Overhauling SA’s retirement system – shrewd or misguided?

by Tobie van Heerden | 29,Feb,2024 | 10x Investments, Employee Benefits, Q1 2024

The average person spends around 90 000 hours of their life working. That’s just over 10 years or 3 750 days or, in other words, a third of their lifetime.

For many South Africans, retirement is far out of reach. Of the 5.2 million South Africans aged 60 and older, 3.8 million (73%) are recipients of social grants and 2% of the respondents who were retirees confirmed that they had already ran out of funds and are thus either relying on state or family support. This data was sourced from a report by Statistics South Africa titled Marginalised Groups Series VI: The Social Profile of Older Persons, 2017–2021.

Our research shows that despite the average retirement age for South Africans sitting at 60, less than 10% have enough savings or pension money to retire comfortably. There is a significant number of people who have not planned for retirement (69%). It’s clear that even for those who are able to contribute to their retirement, South Africa’s retirement fund system is failing to provide for the needs of most who depend on it.



In 2023, the Mercer CFA Institute Global Pension Index gave the country a C grade, listing it as having a pension system “that has some good features but also has major risks and/or shortcomings that should be addressed; without these improvements, its efficacy and/or long term sustainability can be questioned”.

We can fully expect this situation to worsen for most South Africans as they face increasing strain on their wallets as a result of record high inflation, soaring costs of goods and services and a stagnating wage environment. This means that fewer people have the financial means to save for retirement after paying their basic household living expenses. In an effort to reform South Africa’s retirement system, the South African government has put forward a proposal for a two-pot retirement system; which it believes will provide greater clarity and flexibility to retirement fund members. But, what will this new retirement system really mean for South Africans and who will benefit from this change?

What is the two-pot system?

To understand its impact, we must first understand what the proposed retirement system is. The new regulation is set to be enacted in September 2024 and will divide all pension contributions into two separate pots – one for savings and the other for retirement. A third of all contributions will be allocated to the savings pot and the remaining two thirds will be allocated to retirement.

Essentially, the aim is to provide fund members with greater control over their retirement funds and address the need for early access to retirement funds for emergencies by enabling them to make one single taxable withdrawal per year from their savings pot. This is only possible once a member’s balance has reached the minimum threshold of R2 000 and the facility is meant to act as a safety net when faced with difficult or dire financial circumstances.

According to the proposal, any withdrawals made from the savings pot will be taxed as part of the fund member’s taxable income. The retirement pot is only accessible upon retirement or in the event of death.

If implemented, what will it mean for ordinary South Africans?

At the moment, South Africa’s current retirement system allows pension or provident fund members to withdraw the entire balance of their savings when they leave their job. While this might be necessary when an employee has been dismissed from their employment or even retrenched, many South Africans are opting to take advantage of this capability even when they don’t really need to.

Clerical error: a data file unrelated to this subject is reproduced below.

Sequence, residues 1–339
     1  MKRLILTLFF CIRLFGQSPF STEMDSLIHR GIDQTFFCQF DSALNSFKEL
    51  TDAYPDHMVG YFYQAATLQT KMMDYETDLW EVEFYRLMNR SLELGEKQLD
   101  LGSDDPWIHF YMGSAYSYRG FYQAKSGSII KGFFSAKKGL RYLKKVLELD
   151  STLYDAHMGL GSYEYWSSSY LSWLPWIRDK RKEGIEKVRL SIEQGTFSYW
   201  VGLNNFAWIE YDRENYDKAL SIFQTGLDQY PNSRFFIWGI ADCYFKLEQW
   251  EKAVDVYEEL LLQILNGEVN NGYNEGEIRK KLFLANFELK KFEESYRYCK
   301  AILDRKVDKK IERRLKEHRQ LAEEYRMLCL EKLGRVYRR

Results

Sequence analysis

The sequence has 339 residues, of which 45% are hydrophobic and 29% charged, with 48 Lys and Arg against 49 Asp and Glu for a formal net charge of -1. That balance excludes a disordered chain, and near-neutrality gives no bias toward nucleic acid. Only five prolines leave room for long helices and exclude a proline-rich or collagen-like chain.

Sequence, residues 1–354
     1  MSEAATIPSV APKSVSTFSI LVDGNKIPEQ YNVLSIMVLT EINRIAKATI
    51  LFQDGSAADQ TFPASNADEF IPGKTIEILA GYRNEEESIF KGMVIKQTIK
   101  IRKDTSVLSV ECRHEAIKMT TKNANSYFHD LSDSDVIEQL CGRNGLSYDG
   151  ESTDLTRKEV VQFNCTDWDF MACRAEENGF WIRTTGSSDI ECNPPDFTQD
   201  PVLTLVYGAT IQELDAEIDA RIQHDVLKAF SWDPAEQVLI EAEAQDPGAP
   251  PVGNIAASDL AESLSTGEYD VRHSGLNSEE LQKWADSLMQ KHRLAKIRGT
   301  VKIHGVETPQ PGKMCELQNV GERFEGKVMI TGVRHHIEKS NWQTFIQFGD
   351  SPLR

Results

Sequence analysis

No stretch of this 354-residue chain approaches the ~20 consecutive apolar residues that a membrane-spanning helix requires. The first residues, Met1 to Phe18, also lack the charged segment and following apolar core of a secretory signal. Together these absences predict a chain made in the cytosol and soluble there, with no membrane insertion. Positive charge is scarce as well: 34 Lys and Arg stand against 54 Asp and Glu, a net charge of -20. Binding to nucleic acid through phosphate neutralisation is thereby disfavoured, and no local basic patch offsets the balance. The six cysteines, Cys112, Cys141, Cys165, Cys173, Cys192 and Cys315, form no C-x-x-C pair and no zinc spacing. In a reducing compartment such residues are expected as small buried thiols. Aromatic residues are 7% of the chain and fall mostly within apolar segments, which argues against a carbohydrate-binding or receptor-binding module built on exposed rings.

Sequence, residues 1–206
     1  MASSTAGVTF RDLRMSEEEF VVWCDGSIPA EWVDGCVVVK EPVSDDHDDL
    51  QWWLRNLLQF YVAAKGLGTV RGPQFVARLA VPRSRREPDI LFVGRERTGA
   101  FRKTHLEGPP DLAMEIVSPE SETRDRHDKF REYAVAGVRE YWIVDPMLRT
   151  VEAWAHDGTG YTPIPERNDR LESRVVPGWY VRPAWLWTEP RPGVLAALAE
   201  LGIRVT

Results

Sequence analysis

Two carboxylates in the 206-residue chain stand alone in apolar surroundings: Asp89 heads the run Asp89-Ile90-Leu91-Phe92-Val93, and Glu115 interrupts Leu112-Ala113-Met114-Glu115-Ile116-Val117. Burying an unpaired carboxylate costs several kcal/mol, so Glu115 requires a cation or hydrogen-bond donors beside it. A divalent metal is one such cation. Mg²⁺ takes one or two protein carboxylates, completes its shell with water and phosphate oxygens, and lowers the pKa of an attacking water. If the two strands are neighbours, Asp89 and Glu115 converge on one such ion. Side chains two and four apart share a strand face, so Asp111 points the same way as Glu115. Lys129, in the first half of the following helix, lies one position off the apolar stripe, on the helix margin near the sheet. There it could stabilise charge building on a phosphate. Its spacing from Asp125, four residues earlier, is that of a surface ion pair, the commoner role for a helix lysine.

This is leaving a lot of people with nothing or very little to turn to when they eventually do retire. As such, the newly proposed system will make positive changes in safeguarding financial security within the country – making sure that South Africans are able to access emergency funds without squandering their entire pension.

However, there are still some questions that need to be answered when it comes to this new two-pot system, if it is to truly be effective and successful. For instance, there is still no clarity on the treatment of, and access to, the retirement pot under circumstances of retrenchment. Although the latest draft rule amendments published for comment propose that National Treasury deal with withdrawals after retrenchment in order to ensure access to retirement savings is a last resort, this has not been finalised.

In addition to this, the South African Revenue Service has noted that it needs at least six months after the promulgation of legislation to put the required systems in place that will enable withdrawals from the savings pot and apply the correct tax rate to that withdrawal. Meanwhile, retirement funds need time to communicate the new rules to their members and changes to their rules can only be submitted to the Financial Sector Conduct Authority for approval once parliament has enacted the Pension Funds Amendment Bill and the Revenue Laws Amendment Bill – the former of which has not been tabled before parliament as yet. This means that for many South Africans, it may be a long while before they can realise the full benefit of this new legislation.

Retirement savings are one of the most effective tools in ensuring financial stability and resilience. That’s why it is vital that we empower South Africans with the tools and education needed to build long term sustainable retirement savings, while also providing them with the ability to withstand and recover from unexpected financial shocks. The new two-pot retirement system is a step in the right direction for South Africans being able to retire more comfortably but with a practical view to mitigate short term economic strain.



Tobie van Heerden
Chief Executive Officer, at 10X Investments | + posts